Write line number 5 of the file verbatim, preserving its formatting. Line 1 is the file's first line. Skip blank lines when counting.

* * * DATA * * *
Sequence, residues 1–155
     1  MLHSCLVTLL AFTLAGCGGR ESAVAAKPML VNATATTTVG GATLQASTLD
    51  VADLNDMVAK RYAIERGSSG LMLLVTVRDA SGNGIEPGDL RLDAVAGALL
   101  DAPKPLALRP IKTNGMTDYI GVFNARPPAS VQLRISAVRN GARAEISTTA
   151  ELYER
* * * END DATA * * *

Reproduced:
   151  ELYER